“Be patient toward all that is unsolved in your heart and try to love the questions themselves, like locked rooms and like books that are now written in a very foreign tongue. Do not now seek the answers, which cannot be given you because you would not be able to live them. And the point is, to live everything. Live the questions now. Perhaps you will then gradually, without noticing it, live along some distant day into the answer.” ― Rainer Maria Rilke

I had a friend a few nights ago who sent out a text asking for prayer. She was hurting, the darkness reaching deeper than she could endure. She needed her people to battle with her, so she reached out and asked us to contend in the late hours of the night. And as I received her message and began to pray, hope filled me. I love this friend, and I can see the favor and the grace that covers her life. I can see that heaviness and despair are not the defining marks of her story.

I believe that what God says is true, that He is with her, He will not leave her, that His promises to her hold true. And so I prayed, and I hurt for her, and in that quiet hour of the morning, I felt a stirring in my heart for a similar thing, only this time it was also for myself. I felt this small whisper that said, “Hey, Mary Cate, you can hope for yourself in this way too.” And that surprised me because through this prayer for my friend I came to find that I am more hopeful for others than for myself.

And isn’t that how it always works? We pray, contend, and support. We see past our friend’s weaknesses and her struggles and grab hold of the promise of breakthrough. But when the table turns, and we’re the ones needing help, it feels so hopeless, like there’s no way we’re ever making it out of this. We can’t seem to see or believe that the same God who is working in the hearts of others is alive and active in our own hearts. We can’t comprehend that He is willing beyond measure to help us heal and grow, too.

I’m so guilty of this–believing that my sin and my sadness and the messy parts of my life are never going to leave me. And to some degree, that’s true because we live in a broken world. Through this conversation with God, I realized that I was denying myself the right to hope for my own growth, healing, and freedom. I was not allowing myself to live in the promises of God and refusing the relationship and grace He was offering me. And I bet a lot of the time you aren’t letting yourself live this way either. Because we live in a world that says that you must fix yourself, and you’re not lovable until you do.

The truth is that we serve a loving and compassionate God who will never leave us in our process. We can breathe. We can trust. We can hope.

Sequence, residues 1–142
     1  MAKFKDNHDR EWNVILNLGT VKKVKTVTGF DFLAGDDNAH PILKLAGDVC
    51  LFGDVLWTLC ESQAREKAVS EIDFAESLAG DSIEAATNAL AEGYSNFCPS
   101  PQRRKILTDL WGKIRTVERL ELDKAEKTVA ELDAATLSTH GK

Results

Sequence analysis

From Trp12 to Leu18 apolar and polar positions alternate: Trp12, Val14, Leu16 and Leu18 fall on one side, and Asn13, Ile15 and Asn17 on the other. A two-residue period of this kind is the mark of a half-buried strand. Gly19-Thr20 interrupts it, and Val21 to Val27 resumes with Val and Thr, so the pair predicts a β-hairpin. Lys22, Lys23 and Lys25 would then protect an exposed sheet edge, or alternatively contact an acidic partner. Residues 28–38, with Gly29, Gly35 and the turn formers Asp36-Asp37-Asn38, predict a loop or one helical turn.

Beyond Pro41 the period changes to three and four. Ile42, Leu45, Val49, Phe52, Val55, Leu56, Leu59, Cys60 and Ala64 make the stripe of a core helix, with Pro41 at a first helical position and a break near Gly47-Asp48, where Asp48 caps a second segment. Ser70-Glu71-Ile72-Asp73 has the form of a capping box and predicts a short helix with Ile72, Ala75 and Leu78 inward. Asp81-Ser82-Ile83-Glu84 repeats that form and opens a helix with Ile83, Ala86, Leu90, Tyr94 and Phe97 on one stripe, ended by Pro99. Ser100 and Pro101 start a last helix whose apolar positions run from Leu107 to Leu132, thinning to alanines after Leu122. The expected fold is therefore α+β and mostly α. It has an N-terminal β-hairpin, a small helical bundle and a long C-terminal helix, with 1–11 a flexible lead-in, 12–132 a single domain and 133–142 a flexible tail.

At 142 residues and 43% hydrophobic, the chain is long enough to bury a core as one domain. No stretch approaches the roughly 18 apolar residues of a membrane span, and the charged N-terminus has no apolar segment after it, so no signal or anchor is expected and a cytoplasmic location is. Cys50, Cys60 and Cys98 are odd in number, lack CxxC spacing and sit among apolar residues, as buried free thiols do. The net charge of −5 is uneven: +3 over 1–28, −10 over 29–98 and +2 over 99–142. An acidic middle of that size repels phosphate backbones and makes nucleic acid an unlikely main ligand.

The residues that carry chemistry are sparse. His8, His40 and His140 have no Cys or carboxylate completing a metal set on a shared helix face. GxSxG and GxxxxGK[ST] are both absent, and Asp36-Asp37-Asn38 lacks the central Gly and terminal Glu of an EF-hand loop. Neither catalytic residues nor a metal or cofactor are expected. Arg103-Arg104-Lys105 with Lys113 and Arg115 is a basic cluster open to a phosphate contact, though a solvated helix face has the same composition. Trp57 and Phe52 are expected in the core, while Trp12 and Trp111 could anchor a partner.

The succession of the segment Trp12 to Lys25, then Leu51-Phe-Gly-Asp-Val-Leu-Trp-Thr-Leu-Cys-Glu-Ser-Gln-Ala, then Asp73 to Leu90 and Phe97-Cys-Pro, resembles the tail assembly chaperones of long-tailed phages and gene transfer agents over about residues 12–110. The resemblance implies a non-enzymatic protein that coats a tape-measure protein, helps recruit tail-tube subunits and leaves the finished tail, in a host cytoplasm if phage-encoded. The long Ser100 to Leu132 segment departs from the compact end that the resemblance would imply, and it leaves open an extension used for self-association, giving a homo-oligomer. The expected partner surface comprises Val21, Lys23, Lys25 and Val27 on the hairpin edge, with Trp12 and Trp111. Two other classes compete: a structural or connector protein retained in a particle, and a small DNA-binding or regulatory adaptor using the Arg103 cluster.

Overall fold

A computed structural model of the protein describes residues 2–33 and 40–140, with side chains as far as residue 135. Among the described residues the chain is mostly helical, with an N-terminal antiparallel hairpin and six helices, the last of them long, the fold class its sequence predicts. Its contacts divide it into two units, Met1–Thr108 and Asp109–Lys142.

What do you think would happen if we chose to believe that God and others care about us just as much as we care about others? What would happen if we chose to extend grace to ourselves, to breathe and hope for what is to come, instead of shaming ourselves for not being enough?

I don’t have all the answers. I’m just beginning to process this idea. But for today, I’m choosing to hope for myself in the way that I choose to hope for the people that I love. I’m choosing to rest and be kind to myself, and I’m choosing to welcome God into the scary and messy parts of my heart. I’m believing that I will always grow, I will always come to know and love Jesus and others more and more, God cares about me, and He is helping me become.

Hope makes the promise of change just a little bit easier. Even still, the change isn’t even the goal. A deep relationship with Jesus is the goal. For without Him and the revelation of His Great Love, the good that comes out of me would be in vain. There would be nothing substantial about it.

Romans 5:3-5 is stirring in my heart as I think about this newfound hope I have for this process.

Not only so, but we also glory in our sufferings, because we know that suffering produces perseverance; perseverance, character; and character, hope. And hope does not put us to shame because God’s love has been poured out into our hearts through the Holy Spirit, who has been given to us.

Hope is coming, my friend. Hope is already here. Even in the process, even in the darkest places in your soul.

You will not always be where you are today. The Father is coming to rescue you, to breathe life once again into your weary soul.

The thrill of Hope, the weary world rejoices. For yonder breaks a new and glorious morn.

You can rejoice for today. You can have hope for yourself. Take a breath, rest. And choose once again to trust, to believe, and to hope. Abba’s taking care of you.